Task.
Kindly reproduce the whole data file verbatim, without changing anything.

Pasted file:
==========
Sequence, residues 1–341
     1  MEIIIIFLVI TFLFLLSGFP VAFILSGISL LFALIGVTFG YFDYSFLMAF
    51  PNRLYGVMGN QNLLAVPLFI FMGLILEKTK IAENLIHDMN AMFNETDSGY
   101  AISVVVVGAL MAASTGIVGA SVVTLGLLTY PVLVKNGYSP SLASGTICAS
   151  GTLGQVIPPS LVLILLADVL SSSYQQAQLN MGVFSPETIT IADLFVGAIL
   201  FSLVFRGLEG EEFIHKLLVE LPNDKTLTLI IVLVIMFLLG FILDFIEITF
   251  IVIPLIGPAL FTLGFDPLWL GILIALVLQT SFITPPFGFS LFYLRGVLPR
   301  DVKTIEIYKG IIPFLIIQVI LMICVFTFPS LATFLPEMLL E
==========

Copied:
Sequence, residues 1–341
     1  MEIIIIFLVI TFLFLLSGFP VAFILSGISL LFALIGVTFG YFDYSFLMAF
    51  PNRLYGVMGN QNLLAVPLFI FMGLILEKTK IAENLIHDMN AMFNETDSGY
   101  AISVVVVGAL MAASTGIVGA SVVTLGLLTY PVLVKNGYSP SLASGTICAS
   151  GTLGQVIPPS LVLILLADVL SSSYQQAQLN MGVFSPETIT IADLFVGAIL
   201  FSLVFRGLEG EEFIHKLLVE LPNDKTLTLI IVLVIMFLLG FILDFIEITF
   251  IVIPLIGPAL FTLGFDPLWL GILIALVLQT SFITPPFGFS LFYLRGVLPR
   301  DVKTIEIYKG IIPFLIIQVI LMICVFTFPS LATFLPEMLL E